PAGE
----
CREDIT: This strory was first seen in Cambridge News
A doctor’s surgery may soon be prescribing a new type of treatment – for people who feel lonely, Cambridge News reports.
The national Campaign to End Loneliness estimates between 1,700 and 3,840 people over 65 years old in South Cambridgeshire are lonely.
South Cambridgeshire District Council has come up with a plan to help them, and is proposing to launch a pilot project in a GP surgery.
Under the scheme, a ‘non-medical professional’ would be available at the surgery, and people could make an appointment to come in for a chat.
It is dubbed ‘social prescribing’, and it will be pioneered at the Granta Medical Practices, which serve Sawston, Linton and surrounding villages.
The council set up a task force to look into possible solutions after GPs and other medical practitioners told councillors there was a need to tackle the problem.
A council spokesman said: “The scheme would give the GPs a non-medical referral option so the right type of support can be given to help people who feel isolated to access other services and local groups where people get together and socialise.
“The initiative will cost £17,500 per year to base a non-medical member of staff at the GP surgery. The new post would provide the best support for people who are isolated as well as help free up appointments with doctors for people who need medical help.”
A report on the idea will be discussed by the council’s cabinet by November 16, and if it gets the go-ahead, it is hoped it will get up and running around April next year.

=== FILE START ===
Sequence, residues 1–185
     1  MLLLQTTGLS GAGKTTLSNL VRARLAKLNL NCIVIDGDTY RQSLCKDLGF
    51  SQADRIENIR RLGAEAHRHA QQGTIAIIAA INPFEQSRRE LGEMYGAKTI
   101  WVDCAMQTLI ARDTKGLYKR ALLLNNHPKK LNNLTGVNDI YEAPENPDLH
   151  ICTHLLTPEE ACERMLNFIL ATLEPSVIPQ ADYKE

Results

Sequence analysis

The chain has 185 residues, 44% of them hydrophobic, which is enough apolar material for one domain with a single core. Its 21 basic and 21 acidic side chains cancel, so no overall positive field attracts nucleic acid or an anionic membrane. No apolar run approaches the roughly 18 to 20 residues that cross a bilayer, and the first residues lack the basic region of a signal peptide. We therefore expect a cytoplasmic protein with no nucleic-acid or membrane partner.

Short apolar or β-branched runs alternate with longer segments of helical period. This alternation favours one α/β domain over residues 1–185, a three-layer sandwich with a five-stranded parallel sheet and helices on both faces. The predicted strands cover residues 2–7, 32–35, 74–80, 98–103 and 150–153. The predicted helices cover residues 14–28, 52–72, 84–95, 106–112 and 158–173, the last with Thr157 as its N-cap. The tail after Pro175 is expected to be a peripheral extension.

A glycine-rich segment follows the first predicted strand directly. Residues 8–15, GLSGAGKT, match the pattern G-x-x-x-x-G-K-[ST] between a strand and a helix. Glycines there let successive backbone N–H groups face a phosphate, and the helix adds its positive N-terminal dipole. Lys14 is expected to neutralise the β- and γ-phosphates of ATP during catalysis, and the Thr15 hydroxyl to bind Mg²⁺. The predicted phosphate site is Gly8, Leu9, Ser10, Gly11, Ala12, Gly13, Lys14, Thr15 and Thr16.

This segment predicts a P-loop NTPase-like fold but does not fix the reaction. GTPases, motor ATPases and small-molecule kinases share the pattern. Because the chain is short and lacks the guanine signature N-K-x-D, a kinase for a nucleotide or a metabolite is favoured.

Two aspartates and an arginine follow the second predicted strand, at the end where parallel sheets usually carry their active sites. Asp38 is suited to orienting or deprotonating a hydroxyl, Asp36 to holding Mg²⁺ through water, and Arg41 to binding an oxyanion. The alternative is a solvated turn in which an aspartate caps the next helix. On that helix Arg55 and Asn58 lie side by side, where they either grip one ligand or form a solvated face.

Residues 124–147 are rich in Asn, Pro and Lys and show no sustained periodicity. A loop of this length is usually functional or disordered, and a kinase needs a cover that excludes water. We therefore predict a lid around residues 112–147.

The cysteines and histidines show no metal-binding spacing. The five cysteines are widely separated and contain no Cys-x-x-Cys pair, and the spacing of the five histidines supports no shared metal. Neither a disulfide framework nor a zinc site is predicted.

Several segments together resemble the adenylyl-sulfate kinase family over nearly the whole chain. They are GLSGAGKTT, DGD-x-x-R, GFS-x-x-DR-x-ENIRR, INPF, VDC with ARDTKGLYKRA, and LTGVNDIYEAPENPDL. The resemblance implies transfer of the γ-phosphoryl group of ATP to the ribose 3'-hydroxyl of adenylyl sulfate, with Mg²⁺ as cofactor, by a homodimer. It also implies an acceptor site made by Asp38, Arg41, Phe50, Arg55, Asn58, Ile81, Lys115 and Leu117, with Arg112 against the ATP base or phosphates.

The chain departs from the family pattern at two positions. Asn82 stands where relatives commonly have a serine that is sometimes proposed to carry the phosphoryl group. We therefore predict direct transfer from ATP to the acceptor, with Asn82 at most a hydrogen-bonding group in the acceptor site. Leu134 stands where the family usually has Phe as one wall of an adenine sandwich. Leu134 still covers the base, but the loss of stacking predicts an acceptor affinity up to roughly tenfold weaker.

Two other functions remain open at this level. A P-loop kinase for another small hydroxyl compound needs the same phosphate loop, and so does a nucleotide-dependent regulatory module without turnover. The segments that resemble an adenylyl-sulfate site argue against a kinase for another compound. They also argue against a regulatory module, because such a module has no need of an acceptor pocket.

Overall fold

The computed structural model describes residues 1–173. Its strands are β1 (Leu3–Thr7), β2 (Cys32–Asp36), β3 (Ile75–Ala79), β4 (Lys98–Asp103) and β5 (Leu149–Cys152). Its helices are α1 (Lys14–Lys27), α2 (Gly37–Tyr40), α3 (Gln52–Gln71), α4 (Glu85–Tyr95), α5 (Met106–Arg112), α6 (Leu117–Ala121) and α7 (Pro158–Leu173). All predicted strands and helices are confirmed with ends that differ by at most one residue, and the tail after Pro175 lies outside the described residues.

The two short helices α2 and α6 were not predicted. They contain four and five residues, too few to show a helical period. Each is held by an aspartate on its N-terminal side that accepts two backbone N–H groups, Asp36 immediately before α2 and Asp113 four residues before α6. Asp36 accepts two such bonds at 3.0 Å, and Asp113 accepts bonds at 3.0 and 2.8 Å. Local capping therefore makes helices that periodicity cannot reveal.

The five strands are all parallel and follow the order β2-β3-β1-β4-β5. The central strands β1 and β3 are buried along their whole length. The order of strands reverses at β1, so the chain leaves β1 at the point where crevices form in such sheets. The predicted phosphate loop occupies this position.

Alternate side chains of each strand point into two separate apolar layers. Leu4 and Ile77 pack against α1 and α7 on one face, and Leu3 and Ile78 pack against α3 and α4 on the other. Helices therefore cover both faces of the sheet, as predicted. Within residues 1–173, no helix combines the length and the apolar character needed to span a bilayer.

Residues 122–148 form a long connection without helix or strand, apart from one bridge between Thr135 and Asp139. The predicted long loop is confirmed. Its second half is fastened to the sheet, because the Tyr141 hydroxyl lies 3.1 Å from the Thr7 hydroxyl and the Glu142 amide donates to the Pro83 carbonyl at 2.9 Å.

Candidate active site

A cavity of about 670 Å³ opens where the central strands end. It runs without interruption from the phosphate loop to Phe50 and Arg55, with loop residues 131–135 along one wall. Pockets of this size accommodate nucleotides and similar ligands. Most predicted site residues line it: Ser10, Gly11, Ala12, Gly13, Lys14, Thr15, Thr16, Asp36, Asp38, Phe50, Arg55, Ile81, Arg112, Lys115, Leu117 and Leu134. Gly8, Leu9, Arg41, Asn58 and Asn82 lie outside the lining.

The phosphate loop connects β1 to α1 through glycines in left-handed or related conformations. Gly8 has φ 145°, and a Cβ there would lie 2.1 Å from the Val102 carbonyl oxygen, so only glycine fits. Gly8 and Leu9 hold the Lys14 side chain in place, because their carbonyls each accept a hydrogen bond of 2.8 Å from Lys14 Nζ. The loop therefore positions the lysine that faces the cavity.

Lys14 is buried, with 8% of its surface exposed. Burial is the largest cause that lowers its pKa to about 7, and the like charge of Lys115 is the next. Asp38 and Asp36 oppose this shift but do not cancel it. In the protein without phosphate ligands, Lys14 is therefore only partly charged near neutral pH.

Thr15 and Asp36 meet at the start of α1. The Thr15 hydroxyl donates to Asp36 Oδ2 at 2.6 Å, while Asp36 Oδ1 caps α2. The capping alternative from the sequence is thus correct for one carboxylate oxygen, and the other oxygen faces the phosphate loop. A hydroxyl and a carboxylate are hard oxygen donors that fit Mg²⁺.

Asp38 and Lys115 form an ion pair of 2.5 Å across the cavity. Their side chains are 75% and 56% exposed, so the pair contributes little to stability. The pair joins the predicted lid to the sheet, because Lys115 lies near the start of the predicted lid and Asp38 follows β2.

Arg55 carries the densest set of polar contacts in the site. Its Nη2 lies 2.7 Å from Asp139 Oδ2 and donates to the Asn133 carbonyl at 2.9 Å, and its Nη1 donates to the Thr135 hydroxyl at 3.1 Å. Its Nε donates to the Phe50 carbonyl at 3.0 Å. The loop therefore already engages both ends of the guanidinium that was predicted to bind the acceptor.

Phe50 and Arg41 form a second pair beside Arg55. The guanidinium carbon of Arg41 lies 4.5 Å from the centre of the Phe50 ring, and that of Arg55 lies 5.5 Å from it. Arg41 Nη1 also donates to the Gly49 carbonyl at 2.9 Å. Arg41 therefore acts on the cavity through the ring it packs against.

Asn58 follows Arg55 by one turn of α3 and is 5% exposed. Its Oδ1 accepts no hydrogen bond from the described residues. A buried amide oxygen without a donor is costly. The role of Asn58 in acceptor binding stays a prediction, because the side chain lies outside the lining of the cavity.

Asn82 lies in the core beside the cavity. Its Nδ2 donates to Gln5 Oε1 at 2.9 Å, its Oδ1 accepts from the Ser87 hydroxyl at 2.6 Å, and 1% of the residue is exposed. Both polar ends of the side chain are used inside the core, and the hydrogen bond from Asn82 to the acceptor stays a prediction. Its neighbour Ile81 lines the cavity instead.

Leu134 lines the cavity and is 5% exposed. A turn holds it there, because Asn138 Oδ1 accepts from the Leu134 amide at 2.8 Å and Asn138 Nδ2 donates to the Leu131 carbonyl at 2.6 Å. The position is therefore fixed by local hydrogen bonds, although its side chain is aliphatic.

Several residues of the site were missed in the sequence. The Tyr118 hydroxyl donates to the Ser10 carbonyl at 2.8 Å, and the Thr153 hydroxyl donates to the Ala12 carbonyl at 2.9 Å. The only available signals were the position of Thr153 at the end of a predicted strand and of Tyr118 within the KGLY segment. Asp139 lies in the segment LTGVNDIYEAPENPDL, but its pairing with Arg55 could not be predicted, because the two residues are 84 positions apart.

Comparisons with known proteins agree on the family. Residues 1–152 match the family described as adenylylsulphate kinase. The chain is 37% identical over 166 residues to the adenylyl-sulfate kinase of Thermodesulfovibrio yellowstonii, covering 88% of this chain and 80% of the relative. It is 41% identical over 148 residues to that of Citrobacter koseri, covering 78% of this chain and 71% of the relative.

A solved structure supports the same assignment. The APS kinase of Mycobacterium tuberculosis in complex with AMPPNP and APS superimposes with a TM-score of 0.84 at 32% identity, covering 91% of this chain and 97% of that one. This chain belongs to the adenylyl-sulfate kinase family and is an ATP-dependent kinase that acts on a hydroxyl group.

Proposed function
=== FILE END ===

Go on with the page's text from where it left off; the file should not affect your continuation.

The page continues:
Cllr Sue Ellington, cabinet member for health and wellbeing, said: “The facts speak for themselves and loneliness is a really significant problem that we must tackle.
“Lonely people who are socially isolated need the correct support and GPs have seen a rise in the number of people who regularly visit them without a real medical problem.
“This scheme will give them a non-medical referral option that will provide the type of friendly help and support that is needed to get the person connected with people and groups in their community. This has a benefit for everyone.”
Gerard Newnham, business practice manager at Granta Medical Practices, said: “The majority of patients with chronic health conditions inevitably have some sort of social need as well, this maybe lifestyle or practical help such as hand rails, weight management, housing or social integration.
“It will mean we can offer a seamless service to patients, improving their health and lifestyle outcomes and preventing problems deteriorating or leading to other medical complications.”